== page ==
Teaching Strategies

Breakout EDU

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I finally tried out a Breakout EDU with my upper level French classes earlier this week and it was a success!  I’m very fortunate that my department will be receiving several Breakout EDU kits next school year and I wanted to try one out on a very small scale.  I’d never experienced a breakout before, so it was a completely new experience for me.

There are lots of French breakouts already created, so I started with one from Noelle Young.  I can’t remember where I found this breakout because I had added the files to my Drive, but it was a great starting point for me.  I only used part of her breakout because we didn’t have access to all of the locks needed and I didn’t want to do something too big since this was the first time implementing one.  Here is a link to what I used.  This breakout was VERY easy for my upper level students, but I could definitely see using this for my French 1 students.

I had two different upper level classes attempt this French 1 breakout and both classes successfully escaped.  It was really interesting watching the students solve the puzzles and listen to their discussions.  At first, one of my classes considered dividing up the puzzles, but they decided against it and worked as a team for most of it.  Most everyone was engaged and actively participating the entire time. They really enjoyed it and one student asked if we could do this every day.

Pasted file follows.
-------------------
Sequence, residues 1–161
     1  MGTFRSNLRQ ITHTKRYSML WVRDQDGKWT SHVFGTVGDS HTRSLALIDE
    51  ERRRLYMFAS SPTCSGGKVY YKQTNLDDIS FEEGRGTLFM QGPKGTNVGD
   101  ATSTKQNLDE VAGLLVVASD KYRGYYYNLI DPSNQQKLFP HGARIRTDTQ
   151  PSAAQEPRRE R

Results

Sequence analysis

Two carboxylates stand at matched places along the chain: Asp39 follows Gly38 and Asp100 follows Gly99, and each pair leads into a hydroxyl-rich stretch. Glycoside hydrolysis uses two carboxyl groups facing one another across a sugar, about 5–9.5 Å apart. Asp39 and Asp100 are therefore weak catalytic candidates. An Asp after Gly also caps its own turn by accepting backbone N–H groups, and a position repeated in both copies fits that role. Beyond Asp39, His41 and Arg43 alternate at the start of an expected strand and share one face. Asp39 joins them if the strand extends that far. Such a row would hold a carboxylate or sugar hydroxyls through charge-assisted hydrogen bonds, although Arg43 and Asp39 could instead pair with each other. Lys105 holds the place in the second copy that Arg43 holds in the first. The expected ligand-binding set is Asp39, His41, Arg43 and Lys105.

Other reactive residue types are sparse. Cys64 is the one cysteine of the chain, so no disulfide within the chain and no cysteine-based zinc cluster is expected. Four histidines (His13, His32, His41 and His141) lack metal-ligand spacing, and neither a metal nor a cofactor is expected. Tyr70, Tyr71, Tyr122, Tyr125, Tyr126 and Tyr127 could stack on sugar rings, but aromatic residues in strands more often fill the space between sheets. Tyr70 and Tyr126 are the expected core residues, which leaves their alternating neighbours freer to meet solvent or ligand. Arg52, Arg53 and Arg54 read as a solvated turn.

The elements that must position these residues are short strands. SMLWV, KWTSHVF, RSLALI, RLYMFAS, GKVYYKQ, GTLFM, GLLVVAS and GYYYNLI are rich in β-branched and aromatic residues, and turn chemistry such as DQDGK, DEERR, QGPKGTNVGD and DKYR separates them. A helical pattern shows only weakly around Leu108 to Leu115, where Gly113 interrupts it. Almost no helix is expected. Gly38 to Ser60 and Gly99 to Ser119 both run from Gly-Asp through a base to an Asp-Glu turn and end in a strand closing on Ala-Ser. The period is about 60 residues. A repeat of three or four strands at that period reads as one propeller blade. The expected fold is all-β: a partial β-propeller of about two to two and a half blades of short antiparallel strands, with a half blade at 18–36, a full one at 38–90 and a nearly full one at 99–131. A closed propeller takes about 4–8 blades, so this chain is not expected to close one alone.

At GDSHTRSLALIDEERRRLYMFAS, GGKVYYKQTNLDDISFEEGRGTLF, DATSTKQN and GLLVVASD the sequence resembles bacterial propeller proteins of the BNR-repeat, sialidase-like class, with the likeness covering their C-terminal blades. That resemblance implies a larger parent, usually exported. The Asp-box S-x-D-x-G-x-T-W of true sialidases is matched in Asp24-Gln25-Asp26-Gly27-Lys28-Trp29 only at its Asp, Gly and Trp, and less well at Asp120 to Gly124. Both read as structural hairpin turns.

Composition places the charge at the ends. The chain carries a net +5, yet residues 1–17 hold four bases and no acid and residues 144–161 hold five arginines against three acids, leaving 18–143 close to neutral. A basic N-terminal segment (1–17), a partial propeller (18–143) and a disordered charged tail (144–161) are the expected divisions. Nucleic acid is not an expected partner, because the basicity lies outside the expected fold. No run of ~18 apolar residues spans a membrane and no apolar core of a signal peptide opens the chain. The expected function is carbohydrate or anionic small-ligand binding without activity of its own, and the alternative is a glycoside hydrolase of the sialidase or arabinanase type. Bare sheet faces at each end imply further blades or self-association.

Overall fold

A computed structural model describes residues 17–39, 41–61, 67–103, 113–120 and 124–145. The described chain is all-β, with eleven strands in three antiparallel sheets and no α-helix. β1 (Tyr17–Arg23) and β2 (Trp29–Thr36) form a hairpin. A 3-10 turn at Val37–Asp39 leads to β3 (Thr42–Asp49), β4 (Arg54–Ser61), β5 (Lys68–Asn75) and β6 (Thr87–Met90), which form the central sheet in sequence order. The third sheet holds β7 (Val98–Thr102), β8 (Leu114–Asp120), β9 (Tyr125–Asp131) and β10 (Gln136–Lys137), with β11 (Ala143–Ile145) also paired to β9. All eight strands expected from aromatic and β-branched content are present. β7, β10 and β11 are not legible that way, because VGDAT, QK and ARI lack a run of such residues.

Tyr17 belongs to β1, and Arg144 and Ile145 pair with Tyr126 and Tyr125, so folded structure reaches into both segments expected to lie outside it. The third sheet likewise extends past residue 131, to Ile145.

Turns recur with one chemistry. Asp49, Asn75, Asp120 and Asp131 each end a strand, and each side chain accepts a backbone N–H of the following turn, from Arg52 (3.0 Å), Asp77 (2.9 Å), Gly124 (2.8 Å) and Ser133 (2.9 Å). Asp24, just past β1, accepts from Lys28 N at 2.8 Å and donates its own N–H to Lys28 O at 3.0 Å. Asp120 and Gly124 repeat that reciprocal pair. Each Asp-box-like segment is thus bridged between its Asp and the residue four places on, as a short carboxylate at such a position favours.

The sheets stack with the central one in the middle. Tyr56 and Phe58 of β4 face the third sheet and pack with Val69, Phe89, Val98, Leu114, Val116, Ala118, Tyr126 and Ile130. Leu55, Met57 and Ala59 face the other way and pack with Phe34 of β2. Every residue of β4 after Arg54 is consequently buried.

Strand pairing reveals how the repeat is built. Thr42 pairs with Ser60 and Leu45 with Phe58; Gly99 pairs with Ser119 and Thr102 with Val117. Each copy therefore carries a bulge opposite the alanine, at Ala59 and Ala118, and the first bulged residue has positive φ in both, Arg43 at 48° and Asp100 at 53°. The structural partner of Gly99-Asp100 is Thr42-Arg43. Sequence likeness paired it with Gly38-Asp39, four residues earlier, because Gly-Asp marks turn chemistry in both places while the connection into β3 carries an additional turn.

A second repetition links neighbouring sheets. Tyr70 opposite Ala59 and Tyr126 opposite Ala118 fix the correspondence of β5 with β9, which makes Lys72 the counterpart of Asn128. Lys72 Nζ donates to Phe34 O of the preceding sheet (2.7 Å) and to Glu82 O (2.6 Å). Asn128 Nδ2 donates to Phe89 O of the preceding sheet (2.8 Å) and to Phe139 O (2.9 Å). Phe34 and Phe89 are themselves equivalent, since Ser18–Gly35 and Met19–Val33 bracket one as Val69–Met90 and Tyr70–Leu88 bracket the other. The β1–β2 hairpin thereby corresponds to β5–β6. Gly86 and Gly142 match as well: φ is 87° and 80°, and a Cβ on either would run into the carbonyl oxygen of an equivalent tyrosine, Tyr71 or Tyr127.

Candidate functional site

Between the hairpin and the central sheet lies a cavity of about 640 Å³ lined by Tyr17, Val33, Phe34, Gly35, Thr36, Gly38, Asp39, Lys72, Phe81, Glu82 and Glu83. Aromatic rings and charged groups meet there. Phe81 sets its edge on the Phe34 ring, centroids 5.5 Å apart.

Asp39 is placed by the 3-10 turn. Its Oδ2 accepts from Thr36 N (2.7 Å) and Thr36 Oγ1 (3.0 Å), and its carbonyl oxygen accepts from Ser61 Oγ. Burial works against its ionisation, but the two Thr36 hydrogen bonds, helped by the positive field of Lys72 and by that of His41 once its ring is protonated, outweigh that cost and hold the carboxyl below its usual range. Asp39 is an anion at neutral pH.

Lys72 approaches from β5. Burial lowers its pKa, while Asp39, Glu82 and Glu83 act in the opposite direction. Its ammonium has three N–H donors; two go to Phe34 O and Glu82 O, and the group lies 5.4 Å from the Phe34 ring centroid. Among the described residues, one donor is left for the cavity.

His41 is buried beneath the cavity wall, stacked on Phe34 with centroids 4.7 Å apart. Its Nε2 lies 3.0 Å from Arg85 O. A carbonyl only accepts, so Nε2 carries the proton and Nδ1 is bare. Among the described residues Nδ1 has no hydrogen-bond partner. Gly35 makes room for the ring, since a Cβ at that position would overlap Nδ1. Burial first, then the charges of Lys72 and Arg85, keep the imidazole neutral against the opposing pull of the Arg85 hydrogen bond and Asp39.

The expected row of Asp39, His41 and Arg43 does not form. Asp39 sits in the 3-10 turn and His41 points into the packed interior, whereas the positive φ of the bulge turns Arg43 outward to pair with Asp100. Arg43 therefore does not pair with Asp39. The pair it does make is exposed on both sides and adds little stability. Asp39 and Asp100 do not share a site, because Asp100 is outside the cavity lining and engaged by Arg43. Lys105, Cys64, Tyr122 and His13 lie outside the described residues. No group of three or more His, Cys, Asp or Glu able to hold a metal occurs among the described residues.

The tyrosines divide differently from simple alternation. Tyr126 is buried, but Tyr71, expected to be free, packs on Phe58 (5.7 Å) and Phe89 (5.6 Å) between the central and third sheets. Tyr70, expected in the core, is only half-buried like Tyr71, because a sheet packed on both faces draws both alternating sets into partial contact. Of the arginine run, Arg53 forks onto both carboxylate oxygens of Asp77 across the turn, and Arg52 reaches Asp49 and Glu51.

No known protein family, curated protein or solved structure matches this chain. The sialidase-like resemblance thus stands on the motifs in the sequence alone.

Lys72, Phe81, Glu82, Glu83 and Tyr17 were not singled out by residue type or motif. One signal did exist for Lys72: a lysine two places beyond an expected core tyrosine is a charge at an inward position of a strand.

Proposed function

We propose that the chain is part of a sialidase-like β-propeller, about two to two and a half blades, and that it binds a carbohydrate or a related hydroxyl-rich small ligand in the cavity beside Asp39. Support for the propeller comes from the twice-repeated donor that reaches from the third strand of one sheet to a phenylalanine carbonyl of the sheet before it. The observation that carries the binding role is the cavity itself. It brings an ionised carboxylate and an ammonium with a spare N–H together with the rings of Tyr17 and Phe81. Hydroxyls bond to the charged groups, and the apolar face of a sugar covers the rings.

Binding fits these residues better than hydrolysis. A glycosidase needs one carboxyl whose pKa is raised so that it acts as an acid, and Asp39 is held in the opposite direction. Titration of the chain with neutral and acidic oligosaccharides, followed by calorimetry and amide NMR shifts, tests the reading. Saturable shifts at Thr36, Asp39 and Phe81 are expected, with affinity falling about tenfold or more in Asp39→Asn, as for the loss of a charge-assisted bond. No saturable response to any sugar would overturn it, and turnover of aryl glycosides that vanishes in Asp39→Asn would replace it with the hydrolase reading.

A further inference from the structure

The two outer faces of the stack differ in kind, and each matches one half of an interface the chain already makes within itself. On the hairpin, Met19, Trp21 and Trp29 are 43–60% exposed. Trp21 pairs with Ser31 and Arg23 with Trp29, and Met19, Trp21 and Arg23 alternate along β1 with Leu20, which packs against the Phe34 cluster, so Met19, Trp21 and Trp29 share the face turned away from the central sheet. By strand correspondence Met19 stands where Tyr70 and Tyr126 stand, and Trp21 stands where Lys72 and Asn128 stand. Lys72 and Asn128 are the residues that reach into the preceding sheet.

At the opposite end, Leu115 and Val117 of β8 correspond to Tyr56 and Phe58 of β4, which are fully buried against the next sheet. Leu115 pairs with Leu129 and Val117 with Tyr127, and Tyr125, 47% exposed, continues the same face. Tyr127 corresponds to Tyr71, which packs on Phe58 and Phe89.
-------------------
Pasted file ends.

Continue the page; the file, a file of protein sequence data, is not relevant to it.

Here are a few things that I learned:

  1. Have small groups
    • I had a group of 10 and that is too large.  It was easy for a student to become disengaged because someone else was willing to do the work.
  2. Hide the clues or have each clue locked
    • I didn’t hide the clues in difficult locations and didn’t have them individually locked.  Having them locked or needing a clue to find the next puzzle would require students to work together as a team the entire time.
  3. Time them
    • I was so excited about the activity that I forgot to time them.  They asked me how long it took them and I couldn’t tell them.  I think this would be fun for some students who are competitive.

After seeing how engaging this activity is, I am going to work on incorporating this into a choice activity for my students next year.  Breakout EDU requires students to work collaboratively and apply their learning to solve puzzles.  I see this as being a fun, motivating activity for students.  I’m really looking forward to having Breakout EDU kits next year and now need to create some of my own breakouts!

 

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